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Burned Transmission Fluid

I took my BMW 325i to a local shop to have it checked out. The biggest issues that they found with it were fluid problems. They claimed that both the transmission fluid and the power steering fluid were burned and needed to not only be replaced but also needed to be cleaned with a service that they would provide for a few hundred dollars. If I didn’t they warned it could damage the transmission. They weren’t lying about the fluid, its old and its dark and it smells burned. My question is how bad is having burned fluid? I’ve done some research and I know that the actual fluid is damaging and it seems as though just replacing it doesn’t quite get rid of the problem. Is there any way I can run some sort of detergent through the transmission to clean out all the burned particles or is the shops information legitimate and buying their cleaning service really the way to go?

Unfortunately, there is no detergent that you can use to eliminate the damage caused by years of lax maintenance. And, once you see trans fluid that is dark and burnt-smelling, the chances of getting many more miles out of that trans are…not good.

However, I would recommend changing the fluid, and I would recommend that you go to an independent trans shop (NOT AAMCO, Lee Myles, Cottman, Mr. Transmission, or any other chain) for this service. If you are a particularly lucky person, the fluid change may allow you to get a bit more life out of that trans.

As to the PS fluid, I’m not quite sure how that would have gotten burnt also, but I guess that anything is possible. If you saw it and it was foul-smelling, then–yes–it should also be changed.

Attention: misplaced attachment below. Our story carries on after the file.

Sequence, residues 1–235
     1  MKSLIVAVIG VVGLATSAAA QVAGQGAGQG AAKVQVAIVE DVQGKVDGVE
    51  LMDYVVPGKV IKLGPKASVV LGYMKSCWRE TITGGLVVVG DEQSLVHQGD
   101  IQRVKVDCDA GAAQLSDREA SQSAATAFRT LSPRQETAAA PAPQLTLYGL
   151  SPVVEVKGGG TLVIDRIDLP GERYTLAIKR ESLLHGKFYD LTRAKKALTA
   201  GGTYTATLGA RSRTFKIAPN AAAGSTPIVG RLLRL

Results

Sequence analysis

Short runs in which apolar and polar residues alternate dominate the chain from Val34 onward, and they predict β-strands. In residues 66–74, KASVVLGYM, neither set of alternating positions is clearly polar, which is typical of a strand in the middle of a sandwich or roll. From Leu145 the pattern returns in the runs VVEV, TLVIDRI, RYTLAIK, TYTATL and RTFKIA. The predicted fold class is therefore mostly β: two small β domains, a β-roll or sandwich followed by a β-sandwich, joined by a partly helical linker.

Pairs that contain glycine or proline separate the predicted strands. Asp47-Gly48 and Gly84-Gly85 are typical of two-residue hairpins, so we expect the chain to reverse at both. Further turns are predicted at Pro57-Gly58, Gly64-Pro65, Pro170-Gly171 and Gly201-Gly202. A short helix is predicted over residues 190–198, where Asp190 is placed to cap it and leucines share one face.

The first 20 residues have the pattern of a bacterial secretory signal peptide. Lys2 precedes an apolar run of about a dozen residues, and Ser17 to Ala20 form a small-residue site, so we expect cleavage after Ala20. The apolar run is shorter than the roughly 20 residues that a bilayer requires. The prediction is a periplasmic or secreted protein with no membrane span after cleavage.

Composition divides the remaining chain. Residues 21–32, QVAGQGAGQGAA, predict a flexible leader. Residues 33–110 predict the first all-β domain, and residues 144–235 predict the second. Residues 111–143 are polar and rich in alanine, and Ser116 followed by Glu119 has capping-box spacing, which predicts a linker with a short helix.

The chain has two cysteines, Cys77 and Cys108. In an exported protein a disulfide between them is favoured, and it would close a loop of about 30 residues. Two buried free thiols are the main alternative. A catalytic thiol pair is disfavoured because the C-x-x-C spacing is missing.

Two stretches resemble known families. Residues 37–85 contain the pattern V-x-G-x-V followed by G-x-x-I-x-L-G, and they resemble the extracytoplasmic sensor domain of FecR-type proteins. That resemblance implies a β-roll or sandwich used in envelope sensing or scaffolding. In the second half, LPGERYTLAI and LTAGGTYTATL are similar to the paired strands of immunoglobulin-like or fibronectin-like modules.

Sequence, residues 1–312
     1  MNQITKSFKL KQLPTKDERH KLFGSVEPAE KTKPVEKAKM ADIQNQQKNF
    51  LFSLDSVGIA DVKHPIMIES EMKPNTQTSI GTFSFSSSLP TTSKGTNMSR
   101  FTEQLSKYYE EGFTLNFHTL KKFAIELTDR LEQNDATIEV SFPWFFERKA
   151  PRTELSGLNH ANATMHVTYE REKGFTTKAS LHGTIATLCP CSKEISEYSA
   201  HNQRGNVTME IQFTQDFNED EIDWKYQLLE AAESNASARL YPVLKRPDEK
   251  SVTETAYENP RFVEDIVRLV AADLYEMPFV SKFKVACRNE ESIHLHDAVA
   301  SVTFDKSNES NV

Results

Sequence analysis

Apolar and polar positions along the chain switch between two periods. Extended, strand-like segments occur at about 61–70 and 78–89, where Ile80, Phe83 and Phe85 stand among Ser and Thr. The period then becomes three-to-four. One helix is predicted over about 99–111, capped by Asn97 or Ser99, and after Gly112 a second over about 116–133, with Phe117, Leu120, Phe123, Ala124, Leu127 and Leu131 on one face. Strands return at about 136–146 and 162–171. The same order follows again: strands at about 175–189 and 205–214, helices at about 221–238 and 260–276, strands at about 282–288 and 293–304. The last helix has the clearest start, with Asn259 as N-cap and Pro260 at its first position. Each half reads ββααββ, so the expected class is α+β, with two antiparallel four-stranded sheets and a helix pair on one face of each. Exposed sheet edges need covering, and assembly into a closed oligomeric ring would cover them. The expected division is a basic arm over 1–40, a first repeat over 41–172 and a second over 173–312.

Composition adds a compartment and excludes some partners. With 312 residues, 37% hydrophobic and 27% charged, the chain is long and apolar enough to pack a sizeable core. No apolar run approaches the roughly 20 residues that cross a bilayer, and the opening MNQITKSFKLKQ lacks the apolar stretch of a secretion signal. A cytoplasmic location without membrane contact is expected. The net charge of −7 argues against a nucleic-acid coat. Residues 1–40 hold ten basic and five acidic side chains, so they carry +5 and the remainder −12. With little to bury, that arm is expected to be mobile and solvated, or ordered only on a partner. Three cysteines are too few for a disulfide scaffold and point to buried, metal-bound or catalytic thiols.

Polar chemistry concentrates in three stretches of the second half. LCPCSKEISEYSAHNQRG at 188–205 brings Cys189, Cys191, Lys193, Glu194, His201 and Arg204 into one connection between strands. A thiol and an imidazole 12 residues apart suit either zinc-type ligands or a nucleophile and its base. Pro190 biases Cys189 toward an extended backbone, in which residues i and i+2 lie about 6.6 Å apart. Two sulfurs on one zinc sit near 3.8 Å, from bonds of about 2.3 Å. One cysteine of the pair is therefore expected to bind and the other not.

Just for future reference, trans fluid should be changed every 3 years or 30k miles (whichever comes first), even if the mfr does not list this procedure in its maintenance schedule. There is a trend toward car mfrs using “lifetime fluid”, but that terminology is essentially meaningless IMHO, and the fluid would still need to be changed on the above-noted schedule.

Many people never change their PS fluid. I do it every 60k miles, but I do tend to be a bit obsessive with maintenance.

“My question is how bad is having burned fluid?” Fluid may be burnt on normal mileage, but not usually, or if premature may represent a mechanical problem. I think you need a better analysis. Sure it is hard for a guy who used to be able to file a grievance for working conditions, who has had union rights taken away, seen earned income credit taken away, homestead credit taken away, cuts to cities counties shared revenue to fund rich and corporate tax cuts to ceo’s with insane bonuses to really want to help a probable republican with a bmw 325i, as most of us guys do not have bmw on our short list of vehicles.

“As to the PS fluid, I’m not quite sure how that would have gotten burnt”

Any fluid that’s used as a hydraulic fluid, ie; transmission fluid or power steering fluid, and when it’s put under pressure it creates heat. Over time this heating up of the hydraulic fluid causes it to oxidize or become burnt.


Model year? Mileage?

I agree with you, Tester, but I have personally never actually seen (or smelled) burnt PS fluid.
But, since I change my PS fluid proactively at 60k, maybe that explains why I have never seen it.

And, as Caddyman points out, since we don’t know the model year or odometer mileage of this mystery Beemer, we have no idea about how long its maintenance has been ignored.

Its a 1990 325i with 207k on its odometer. And to Barkydog: Registered democrat, picked up the car at a junkyard for 800 bucks and it is my first and only car. So I don’t have much information on how it was previously maintained. Besides these fluids the shop couldn’t find anything else major that was wrong with it so I might just change the transmission fluid and hope for the best. Thanks guys

Sorry Nolan, so much stuff going on in WI, I have some frustrations, and apologize.

Change the fluid, cross your fingers, pray to your favorite diety, and hope it works.

Unfortunately if the transmission is damaged it many times more than the value of the vehicle to fix it and not worth it likely.